Cinema’s ability to portray life, and to seem imbued with life itself, amounts to a strange vitalism. As Gorky experiences the film, the people who appear onscreen seem neither fully alive nor dead, but ghostly. “It is not life,” he writes, “but its shadow.” Similarly, the memory of his former life as a filmmaker and automaton-maker haunts Méliès in Hugo. Flipping through Hugo’s notebook and seeing sketches of the mechanical man startles him and prompts him to mutter the word “ghosts.” And after the children pull out a box of his drawings, letting the pages flutter about the room, Méliès is again stunned to see these images “back from the dead.” For contemporary viewers, too, there is something beautiful and slightly unnerving about seeing a digitally enhanced, 3D-version of Méliès’s iconic A Trip to the Moon. This is not just a plea for the preservation of a film classic, but its wholesale reconstitution in a completely different form: the film as it has never been seen before.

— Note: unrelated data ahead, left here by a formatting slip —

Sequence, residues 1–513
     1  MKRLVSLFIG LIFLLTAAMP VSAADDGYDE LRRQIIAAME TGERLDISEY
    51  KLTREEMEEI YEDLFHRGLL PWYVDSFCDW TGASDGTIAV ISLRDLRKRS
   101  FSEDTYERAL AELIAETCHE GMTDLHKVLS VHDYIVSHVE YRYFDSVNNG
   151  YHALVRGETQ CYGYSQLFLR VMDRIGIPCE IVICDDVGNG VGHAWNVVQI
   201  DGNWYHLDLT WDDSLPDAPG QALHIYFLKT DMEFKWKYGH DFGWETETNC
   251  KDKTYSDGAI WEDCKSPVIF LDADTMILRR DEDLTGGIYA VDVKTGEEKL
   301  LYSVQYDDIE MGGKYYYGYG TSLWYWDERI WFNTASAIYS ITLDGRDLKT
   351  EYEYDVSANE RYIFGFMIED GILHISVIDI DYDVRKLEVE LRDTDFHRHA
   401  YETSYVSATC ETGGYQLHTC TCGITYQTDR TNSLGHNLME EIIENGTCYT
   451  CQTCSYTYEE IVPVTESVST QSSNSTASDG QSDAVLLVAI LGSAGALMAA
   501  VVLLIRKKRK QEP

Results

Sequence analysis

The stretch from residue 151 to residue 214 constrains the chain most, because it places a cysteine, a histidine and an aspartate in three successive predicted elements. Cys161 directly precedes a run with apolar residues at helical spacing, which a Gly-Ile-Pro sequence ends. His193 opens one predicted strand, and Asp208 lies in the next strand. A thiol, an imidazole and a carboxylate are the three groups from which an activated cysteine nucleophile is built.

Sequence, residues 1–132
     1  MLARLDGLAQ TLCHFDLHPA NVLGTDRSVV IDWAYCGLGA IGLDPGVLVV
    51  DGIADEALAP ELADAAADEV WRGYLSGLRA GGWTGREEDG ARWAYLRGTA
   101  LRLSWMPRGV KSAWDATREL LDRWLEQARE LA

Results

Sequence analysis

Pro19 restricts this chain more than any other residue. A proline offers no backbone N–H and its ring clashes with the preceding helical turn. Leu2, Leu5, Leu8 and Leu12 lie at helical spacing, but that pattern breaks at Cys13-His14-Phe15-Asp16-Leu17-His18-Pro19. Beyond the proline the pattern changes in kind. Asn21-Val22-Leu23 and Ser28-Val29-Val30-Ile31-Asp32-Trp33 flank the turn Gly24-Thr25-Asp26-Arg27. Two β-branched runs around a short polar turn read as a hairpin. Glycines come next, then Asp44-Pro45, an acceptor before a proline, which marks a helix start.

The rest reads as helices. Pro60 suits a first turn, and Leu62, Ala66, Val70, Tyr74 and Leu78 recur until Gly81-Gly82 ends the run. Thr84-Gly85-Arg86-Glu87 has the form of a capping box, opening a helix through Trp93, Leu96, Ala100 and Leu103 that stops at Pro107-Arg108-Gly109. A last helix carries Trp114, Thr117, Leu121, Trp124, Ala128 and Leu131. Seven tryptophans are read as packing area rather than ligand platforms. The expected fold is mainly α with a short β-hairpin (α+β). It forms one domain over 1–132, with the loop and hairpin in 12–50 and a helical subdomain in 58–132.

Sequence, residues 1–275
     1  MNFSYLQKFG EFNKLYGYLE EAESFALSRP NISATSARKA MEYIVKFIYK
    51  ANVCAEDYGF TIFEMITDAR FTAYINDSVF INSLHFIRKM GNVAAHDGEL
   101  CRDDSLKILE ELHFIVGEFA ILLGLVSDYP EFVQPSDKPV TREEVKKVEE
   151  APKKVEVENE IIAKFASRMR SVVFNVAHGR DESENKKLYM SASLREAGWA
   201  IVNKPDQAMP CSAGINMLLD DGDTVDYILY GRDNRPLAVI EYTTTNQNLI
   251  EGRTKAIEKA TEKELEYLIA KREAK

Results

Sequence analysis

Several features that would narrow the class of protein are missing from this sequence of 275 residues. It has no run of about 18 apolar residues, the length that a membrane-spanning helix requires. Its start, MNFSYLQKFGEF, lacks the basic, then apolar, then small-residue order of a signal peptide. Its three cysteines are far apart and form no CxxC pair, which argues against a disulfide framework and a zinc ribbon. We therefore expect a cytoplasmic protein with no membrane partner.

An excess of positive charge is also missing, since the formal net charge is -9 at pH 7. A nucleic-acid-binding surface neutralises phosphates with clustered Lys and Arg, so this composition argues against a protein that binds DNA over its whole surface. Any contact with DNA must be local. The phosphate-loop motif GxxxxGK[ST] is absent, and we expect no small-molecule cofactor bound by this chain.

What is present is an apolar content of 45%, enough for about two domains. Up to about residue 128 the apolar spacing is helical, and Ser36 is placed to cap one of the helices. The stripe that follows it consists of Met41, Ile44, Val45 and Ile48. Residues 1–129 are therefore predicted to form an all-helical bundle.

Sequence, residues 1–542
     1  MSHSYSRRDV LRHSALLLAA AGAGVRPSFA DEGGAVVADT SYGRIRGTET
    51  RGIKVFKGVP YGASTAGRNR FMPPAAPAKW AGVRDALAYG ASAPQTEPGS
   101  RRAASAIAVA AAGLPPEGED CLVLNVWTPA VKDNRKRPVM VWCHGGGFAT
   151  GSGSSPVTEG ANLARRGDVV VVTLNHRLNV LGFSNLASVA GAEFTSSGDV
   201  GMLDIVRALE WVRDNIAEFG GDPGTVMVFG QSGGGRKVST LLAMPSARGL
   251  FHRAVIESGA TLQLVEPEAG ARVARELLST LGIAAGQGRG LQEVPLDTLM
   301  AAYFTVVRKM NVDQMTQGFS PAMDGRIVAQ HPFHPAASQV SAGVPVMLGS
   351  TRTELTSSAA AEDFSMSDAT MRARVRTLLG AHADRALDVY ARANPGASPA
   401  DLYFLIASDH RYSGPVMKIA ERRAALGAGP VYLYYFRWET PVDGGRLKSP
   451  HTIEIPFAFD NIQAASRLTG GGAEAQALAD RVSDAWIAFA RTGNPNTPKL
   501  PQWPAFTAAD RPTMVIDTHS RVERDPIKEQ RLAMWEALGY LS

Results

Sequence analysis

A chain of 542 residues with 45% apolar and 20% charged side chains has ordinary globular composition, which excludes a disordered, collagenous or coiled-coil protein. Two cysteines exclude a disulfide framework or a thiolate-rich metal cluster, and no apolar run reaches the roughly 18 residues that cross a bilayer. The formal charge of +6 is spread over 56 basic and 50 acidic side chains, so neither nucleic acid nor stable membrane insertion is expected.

In Hugo, machines not only appear lifelike—they also carry messages. The automaton seems possessed of its own life, or possibly the ghost of Hugo’s father, and it writes a message that leads to everyone finding his or her rightful place in this world. This message, however, is at first indecipherable; the automaton is moreover broken. Only with care and attention can this machine, which Hugo’s father describes in the book as “the most beautiful, complicated machine I’ve ever seen,” speak properly. It recalls another machine described in similar terms as “a remarkable piece of apparatus,” the Harrow of Kafka’s “In the Penal Colony.” The torture machine writes a message, but there is a delay in comprehending what it says. Understanding, in Kafka’s story, happens only after experience, when the condemned prisoner feels on his own body what is inscribed upon it, the sentence written and executed in the same gesture. For the explorer who comes to observe the Harrow, the writing is illegible; the officer mocks him for not being able to read it. “You’ve seen that it is not easy to decipher the script with your eyes,” he says, “but our man deciphers it with his wounds.”